June 23, 2004
Chlorine Chemistry Division
of the American Chemistry Council Endorses National Academies
of Science Dioxin Review Even as Chlorine Sector Dioxin Releases
C. T. "Kip" Howlett, Jr., Executive Director
of the Chlorine Chemistry Division of the American Chemistry
Council, released the following statement today:
"In the spirit of the U.S. Environmental
Protection Agency's (EPA's) Earth Day 2004 theme, Environmental
Progress: Celebrate and Accelerate, the chlorine chemistry
industry reports accelerated progress in managing dioxins
in 2002, reducing already low Toxic Release Inventory (TRI)
emissions to air and water by 68 percent over year 2000 emissions.
We are pleased to report that in 2002, the chlorine sector's
dioxin releases fell to just 10.4 grams-TEQ*.
as industrial dioxin releases decline, the Chlorine Chemistry
Division of the American Chemistry Council supports the National
Academies of Science review of the EPA dioxin reassessment.
This review is critical to harmonizing EPA's dioxin risk characterization
with those of respected public health agencies worldwide.
Overly conservative assumptions and selective use of the available
data on dioxin have resulted in an EPA dioxin risk analysis
that is inconsistent with the conclusions of other agencies.
Releases to air and water from the chlorine
sector in 2002 represent less than one percent of the total
2002/2004 EPA-projected dioxin emissions from quantified sources.
The vast majority of dioxin generated as an unwanted byproduct
in 2002 was destroyed either on- or offsite, or disposed of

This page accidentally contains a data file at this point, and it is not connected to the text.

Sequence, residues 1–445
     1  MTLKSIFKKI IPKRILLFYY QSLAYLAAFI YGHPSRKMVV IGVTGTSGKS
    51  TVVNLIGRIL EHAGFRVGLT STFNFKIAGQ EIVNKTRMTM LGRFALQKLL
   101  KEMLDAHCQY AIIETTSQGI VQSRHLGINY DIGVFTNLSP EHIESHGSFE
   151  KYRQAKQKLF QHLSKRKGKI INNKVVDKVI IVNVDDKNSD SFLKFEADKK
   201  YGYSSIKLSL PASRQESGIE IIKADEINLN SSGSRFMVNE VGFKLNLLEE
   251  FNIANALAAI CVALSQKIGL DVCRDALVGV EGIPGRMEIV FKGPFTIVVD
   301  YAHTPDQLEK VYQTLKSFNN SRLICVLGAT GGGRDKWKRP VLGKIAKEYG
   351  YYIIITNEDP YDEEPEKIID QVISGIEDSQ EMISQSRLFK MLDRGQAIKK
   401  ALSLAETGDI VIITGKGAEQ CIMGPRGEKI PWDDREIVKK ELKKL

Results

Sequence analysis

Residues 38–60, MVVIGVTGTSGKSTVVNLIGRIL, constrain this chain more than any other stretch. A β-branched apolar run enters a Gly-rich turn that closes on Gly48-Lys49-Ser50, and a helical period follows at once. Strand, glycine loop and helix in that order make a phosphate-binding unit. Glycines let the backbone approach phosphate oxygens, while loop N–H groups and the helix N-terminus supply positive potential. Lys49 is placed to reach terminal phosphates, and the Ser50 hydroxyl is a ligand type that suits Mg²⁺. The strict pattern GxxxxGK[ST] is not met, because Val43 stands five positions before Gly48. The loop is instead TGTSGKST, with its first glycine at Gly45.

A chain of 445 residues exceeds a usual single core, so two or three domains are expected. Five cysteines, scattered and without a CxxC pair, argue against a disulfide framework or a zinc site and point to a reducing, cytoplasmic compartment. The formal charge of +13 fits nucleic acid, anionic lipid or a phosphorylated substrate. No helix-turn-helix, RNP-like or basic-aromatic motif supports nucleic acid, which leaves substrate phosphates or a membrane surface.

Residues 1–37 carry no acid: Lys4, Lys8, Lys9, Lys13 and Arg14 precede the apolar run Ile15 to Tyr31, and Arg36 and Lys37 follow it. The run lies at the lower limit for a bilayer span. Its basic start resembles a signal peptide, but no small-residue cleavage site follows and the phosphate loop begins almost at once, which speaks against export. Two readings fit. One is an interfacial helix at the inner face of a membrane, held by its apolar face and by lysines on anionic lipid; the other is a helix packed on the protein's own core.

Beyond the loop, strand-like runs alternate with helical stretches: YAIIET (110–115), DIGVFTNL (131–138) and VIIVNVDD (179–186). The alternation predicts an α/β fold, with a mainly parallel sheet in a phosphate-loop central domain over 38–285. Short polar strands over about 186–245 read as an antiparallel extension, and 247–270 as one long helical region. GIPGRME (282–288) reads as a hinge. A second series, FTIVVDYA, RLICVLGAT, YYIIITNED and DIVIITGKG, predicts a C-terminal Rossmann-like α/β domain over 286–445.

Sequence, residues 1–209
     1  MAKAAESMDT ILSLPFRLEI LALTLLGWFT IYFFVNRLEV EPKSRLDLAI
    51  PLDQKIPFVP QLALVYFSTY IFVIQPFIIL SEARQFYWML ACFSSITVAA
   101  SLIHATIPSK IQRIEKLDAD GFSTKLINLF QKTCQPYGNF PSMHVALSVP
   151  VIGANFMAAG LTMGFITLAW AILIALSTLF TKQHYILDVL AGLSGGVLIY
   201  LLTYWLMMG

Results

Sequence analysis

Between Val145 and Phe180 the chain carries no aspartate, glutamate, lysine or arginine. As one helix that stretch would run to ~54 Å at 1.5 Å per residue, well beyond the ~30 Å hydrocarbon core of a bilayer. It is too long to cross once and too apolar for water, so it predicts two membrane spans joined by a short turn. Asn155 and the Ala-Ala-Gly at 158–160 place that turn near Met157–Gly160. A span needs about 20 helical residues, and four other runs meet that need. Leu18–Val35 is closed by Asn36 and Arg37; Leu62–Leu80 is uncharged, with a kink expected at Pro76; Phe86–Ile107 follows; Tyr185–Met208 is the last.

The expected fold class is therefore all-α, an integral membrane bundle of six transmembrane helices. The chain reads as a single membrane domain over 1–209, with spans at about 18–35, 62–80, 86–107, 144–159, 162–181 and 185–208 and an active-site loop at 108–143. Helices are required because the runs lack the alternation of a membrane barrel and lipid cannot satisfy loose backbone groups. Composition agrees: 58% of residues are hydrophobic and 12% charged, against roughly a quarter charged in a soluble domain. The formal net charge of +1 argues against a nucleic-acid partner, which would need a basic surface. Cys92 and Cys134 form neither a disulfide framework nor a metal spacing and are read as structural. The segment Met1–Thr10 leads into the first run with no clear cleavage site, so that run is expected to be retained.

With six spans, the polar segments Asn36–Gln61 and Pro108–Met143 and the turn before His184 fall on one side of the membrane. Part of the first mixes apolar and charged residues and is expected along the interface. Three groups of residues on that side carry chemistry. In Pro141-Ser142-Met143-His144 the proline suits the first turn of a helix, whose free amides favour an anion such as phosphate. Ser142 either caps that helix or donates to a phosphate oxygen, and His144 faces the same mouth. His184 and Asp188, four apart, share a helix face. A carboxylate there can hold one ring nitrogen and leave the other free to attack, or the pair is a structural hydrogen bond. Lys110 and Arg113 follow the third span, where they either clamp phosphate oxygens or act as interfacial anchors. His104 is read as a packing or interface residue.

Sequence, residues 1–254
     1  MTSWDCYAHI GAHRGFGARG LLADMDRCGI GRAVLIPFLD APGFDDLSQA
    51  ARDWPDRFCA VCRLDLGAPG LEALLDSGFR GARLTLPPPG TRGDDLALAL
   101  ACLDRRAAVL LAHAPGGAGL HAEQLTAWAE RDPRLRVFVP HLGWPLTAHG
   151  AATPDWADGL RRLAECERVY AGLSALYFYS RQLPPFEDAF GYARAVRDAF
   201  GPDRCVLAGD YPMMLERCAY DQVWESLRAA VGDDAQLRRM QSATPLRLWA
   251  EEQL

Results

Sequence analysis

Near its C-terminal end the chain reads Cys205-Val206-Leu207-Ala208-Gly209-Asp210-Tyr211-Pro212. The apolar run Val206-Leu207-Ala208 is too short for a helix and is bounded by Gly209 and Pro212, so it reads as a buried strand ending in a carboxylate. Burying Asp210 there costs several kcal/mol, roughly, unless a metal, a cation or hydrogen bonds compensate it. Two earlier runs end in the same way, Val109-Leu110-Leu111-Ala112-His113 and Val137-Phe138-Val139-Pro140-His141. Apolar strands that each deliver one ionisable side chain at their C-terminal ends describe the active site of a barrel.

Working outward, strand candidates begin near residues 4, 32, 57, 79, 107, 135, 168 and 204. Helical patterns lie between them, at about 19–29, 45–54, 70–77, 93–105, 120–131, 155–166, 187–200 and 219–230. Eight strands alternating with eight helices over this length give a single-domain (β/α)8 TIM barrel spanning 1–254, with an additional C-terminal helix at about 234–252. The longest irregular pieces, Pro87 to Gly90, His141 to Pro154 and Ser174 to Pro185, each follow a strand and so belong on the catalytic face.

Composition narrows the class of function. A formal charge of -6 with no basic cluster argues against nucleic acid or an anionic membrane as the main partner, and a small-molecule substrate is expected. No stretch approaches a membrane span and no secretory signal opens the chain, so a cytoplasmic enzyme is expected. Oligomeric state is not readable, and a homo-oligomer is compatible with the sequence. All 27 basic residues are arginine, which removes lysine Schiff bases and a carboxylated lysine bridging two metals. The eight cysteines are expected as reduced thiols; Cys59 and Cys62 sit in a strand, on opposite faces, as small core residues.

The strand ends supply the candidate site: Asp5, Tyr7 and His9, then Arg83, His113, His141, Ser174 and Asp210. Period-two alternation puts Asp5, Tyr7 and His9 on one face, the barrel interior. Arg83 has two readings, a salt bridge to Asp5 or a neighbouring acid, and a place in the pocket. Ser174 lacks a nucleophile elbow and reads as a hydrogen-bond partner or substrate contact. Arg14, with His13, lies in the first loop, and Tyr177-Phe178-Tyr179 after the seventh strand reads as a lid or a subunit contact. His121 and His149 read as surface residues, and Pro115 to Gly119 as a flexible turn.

in special hazardous waste or other types of landfills.
The dioxin environmental success story began
long before the EPA began requiring facilities to report dioxin
releases to the environment as part of the year 2000 TRI.
EPA data show that industrial dioxin emissions have been reduced
by 92 percent since 1987. Given this encouraging trend, it
is not surprising that the U.S. Centers for Disease Control
and Prevention reported the blood level of dioxin in the average
U.S. resident is below the limits of analytical detection
(Second National Report on Human Exposure to Environmental
Chemicals, 2003). Clearly, the EPA and industry can celebrate
this impressive victory-achieved through the winning combination
of government regulations and voluntary industry efforts.
While the body of dioxin science grows daily,
our member companies continue to support efforts to further
reduce dioxin emissions and, at the same time, provide the
building blocks of chlorine chemistry that help produce essential
products that make our lives safer, healthier and more convenient."
Chemistry is a Small Source of Dioxin Releases Sector
Represents Less Than 1% of 2002-4 EPA-Estimated Dioxin
|Charts for 1987 and 1995 are based on
data from the "US Environmental Protection Agency Inventory
of Sources of Dioxin-Like Compounds in the United States-1987
and 1995" http://cfpub.epa.gov/ncea/cfm/dioxindb.cfm?ActType=default
. The 2002/4 chart is based on EPA projections assuming
full compliance with regulatory levels by this period
and the closure of a copper smelter (personal communication,
Dwain Winters, US EPA, 9-9-02).
1Some sources included in the US
EPA Inventory of Sources of Dioxin in the US are not included
in the Toxic Release Inventory. These include some large sources
such as municipal incineration and backyard barrel burning.
* "Other" category includes leaded and unleaded
gasoline, land-applied 2,4-D, iron ore sintering, oil-fired
utilities, EDC/vinyl chloride, lightweight aggregate kilns
that combust hazardous waste, petroleum refinery catalyst
regeneration, cigarette smoke, boilers/industrial furnaces,
crematoria, and drum reclamation.
* TEQ (toxic equivalents)
is the internationally accepted standard for measuring dioxin
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